Gastronomica, the journal of food and culture edited by Darra Goldstein, turns 10 this year. The current issue has, in addition to the usual fascinating art, poetry and prose, an intriguing piece by Charlotte Druckman asking "Why Are There No Great Women Chefs?" (Download the article here.) Druckman, who has written for Gourmet and The New York Times Magazine, looks at the number of Michelin stars and James Beard awards given to women chefs (precious few); the cult of the V-neck-wearing female cook on food television, as opposed to the knife-wielding, obscenity-screaming male chef; and the legacy of the all-male French kitchen brigade.
Perhaps more interesting, at least locally, is Druckman's examination of chefs like Suzanne Goin (Lucques, Tavern) and Nancy Silverton (Mozza) in her discussion of how we as a culture acknowledge and reward our best women chefs...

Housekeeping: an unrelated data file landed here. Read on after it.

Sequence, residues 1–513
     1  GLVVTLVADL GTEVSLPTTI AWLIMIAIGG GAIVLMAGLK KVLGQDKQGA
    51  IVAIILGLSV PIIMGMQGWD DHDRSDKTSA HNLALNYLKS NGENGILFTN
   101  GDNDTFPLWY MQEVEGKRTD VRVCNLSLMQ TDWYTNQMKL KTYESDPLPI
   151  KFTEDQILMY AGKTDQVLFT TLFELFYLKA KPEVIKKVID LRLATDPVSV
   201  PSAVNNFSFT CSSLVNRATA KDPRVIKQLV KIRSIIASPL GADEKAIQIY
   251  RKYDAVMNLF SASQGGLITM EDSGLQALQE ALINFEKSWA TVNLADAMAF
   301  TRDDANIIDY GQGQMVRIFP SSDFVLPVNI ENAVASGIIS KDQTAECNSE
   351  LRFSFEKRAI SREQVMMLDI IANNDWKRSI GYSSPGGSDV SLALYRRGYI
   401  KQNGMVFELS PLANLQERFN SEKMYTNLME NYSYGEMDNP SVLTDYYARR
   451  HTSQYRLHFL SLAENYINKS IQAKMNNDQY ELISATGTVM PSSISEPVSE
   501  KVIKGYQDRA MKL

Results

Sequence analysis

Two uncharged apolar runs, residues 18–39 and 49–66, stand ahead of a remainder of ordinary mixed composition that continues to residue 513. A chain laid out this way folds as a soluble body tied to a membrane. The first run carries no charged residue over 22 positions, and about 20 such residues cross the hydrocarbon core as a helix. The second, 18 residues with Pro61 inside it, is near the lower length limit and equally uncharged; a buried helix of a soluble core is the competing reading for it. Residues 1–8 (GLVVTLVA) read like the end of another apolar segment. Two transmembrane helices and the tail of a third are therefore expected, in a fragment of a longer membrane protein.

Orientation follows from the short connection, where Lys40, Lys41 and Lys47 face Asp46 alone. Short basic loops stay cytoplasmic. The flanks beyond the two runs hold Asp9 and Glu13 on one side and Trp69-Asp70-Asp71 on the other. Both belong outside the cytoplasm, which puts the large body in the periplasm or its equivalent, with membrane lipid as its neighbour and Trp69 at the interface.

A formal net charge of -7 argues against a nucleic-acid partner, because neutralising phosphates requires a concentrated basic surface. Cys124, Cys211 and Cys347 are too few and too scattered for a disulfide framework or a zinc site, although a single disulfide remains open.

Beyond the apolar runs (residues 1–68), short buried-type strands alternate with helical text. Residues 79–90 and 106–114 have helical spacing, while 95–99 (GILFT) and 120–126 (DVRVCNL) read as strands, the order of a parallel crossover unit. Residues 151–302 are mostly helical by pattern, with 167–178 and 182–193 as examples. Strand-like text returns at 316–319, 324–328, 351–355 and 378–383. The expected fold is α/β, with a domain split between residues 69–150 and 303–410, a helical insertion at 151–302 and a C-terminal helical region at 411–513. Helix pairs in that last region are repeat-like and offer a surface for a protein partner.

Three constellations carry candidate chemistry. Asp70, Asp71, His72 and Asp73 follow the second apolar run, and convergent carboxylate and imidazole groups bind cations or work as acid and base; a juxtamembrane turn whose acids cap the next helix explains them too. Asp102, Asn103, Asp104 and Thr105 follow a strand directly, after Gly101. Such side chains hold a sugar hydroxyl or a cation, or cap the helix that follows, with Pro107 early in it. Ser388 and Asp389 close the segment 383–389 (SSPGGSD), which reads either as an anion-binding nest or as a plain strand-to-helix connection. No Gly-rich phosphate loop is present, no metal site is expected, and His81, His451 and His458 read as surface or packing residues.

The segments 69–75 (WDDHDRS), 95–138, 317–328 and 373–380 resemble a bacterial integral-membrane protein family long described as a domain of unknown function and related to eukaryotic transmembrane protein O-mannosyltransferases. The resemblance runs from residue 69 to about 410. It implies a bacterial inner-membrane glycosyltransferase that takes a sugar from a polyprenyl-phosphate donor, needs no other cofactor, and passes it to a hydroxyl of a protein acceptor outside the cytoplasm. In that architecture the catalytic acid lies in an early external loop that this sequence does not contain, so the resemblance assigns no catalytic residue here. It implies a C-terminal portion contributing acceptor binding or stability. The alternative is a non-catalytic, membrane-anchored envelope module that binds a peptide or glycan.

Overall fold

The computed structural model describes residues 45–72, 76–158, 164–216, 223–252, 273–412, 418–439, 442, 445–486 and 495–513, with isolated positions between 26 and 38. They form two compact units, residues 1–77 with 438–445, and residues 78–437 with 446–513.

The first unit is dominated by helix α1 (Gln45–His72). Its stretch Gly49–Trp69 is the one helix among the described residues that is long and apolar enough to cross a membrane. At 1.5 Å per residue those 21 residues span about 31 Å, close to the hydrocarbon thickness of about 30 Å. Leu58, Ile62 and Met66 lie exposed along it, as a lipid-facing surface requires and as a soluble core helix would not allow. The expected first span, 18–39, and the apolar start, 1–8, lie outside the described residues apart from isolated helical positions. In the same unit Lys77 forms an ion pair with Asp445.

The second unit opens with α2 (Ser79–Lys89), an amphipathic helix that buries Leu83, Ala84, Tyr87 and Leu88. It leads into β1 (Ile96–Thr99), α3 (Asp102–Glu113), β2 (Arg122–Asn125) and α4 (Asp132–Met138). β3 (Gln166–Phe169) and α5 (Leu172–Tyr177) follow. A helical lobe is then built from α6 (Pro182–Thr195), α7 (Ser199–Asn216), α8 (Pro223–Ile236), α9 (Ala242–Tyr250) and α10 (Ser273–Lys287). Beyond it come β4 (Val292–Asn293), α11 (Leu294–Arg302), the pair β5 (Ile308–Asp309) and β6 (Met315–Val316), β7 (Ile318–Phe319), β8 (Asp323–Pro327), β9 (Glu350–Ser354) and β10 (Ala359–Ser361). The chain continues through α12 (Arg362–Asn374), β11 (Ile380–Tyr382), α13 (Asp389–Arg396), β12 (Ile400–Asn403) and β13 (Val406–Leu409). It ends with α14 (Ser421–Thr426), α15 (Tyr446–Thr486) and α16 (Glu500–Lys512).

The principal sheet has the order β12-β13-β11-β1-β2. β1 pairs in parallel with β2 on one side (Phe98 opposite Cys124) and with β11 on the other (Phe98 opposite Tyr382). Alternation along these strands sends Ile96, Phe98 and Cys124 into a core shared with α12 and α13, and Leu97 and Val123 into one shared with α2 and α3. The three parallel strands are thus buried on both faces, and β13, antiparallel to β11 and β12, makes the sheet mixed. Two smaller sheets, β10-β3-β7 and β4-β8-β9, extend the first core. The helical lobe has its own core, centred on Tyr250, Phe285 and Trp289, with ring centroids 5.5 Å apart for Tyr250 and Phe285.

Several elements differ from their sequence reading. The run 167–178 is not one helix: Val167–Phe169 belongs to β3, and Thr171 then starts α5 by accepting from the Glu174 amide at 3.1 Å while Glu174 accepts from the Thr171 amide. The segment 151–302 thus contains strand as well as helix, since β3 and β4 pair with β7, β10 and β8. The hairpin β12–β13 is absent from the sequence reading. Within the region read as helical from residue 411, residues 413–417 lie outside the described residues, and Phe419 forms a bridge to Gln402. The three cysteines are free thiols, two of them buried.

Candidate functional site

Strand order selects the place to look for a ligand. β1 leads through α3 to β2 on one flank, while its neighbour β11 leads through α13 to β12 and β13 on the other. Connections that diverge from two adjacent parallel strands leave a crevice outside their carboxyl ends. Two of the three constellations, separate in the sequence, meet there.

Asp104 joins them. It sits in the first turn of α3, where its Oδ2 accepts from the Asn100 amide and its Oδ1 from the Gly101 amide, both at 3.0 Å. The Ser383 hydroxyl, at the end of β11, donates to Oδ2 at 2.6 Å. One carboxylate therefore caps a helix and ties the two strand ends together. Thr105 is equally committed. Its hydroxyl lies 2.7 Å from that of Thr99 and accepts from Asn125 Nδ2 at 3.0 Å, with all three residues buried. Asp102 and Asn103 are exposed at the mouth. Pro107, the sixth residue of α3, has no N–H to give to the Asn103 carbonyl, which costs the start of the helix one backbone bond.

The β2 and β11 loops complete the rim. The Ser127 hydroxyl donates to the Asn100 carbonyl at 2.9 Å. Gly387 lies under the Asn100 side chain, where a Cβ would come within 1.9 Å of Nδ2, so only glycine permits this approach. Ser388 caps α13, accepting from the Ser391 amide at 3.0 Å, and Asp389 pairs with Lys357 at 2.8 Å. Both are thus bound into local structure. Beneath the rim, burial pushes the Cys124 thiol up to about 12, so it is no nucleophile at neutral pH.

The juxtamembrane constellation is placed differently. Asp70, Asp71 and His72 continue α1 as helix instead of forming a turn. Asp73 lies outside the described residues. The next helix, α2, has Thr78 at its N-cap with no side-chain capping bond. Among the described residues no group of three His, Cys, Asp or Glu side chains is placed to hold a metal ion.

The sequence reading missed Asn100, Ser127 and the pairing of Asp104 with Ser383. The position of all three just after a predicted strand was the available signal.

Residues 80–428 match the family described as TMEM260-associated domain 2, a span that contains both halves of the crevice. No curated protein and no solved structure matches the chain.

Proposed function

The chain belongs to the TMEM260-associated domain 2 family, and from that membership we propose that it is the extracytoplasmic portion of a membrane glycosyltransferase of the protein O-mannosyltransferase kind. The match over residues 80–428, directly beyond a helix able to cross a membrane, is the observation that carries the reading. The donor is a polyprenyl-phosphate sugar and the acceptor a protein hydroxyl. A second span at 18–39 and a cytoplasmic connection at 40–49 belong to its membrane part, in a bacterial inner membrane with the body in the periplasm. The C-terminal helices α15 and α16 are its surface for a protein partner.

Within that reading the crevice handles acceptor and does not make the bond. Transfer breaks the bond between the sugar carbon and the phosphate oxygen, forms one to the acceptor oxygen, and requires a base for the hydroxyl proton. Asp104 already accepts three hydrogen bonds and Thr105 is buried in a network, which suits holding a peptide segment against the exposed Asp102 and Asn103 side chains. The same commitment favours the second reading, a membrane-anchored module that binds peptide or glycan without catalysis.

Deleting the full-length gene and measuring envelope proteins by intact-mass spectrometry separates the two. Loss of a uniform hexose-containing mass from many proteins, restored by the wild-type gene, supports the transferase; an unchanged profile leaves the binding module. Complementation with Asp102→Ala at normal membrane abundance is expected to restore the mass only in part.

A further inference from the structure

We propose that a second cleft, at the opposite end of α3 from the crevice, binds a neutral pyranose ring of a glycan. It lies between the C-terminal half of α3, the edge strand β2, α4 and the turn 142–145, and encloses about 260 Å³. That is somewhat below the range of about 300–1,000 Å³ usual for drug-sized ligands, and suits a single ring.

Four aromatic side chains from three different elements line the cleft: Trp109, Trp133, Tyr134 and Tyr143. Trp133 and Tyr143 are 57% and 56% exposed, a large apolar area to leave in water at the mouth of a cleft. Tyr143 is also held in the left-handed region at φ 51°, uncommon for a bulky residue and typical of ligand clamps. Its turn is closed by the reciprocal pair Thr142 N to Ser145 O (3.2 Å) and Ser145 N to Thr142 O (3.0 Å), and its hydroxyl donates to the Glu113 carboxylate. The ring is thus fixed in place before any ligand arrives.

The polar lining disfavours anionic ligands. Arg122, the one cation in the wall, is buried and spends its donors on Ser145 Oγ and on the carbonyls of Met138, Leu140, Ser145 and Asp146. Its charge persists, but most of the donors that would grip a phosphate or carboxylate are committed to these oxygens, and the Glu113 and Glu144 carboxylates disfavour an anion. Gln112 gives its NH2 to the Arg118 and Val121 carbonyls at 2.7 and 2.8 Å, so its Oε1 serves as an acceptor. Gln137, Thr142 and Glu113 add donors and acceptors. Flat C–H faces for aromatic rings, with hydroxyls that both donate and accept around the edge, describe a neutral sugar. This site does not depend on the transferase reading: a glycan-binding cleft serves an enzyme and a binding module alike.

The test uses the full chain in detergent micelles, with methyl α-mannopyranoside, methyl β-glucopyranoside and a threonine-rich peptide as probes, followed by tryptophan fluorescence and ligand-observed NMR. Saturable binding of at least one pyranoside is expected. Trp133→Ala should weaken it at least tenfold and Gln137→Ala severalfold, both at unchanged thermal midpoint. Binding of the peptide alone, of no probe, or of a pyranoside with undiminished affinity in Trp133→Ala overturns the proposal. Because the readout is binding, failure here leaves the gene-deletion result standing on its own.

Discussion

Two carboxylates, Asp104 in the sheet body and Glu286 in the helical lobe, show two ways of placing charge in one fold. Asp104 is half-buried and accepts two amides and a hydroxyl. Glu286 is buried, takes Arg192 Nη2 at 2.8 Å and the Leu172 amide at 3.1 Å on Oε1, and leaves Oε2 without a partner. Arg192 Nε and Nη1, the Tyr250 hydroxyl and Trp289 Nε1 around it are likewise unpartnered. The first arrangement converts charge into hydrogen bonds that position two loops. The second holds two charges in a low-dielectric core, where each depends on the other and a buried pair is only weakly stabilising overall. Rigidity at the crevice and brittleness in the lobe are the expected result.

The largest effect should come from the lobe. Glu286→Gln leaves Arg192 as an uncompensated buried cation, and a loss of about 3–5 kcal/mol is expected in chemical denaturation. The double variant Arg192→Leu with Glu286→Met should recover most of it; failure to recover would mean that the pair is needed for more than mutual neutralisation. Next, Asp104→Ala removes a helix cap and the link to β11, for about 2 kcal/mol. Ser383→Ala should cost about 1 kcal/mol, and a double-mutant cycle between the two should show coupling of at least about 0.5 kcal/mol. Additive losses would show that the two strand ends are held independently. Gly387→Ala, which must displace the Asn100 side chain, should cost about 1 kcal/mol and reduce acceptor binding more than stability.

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Of course Druckman contends that we don't, and that "the status quo is unacceptable." One should hasten to add that the argument is not that we do not have great women chefs, but that we do not allow them to be so publicly, preferring to locate them in the more stereotypical roles of mother, matron, vamp, whatever. So, is this the case, is the situation improving at all, or is it itself a slightly antiquated argument, a holdover from 1980s gender studies classes? The discussion is open.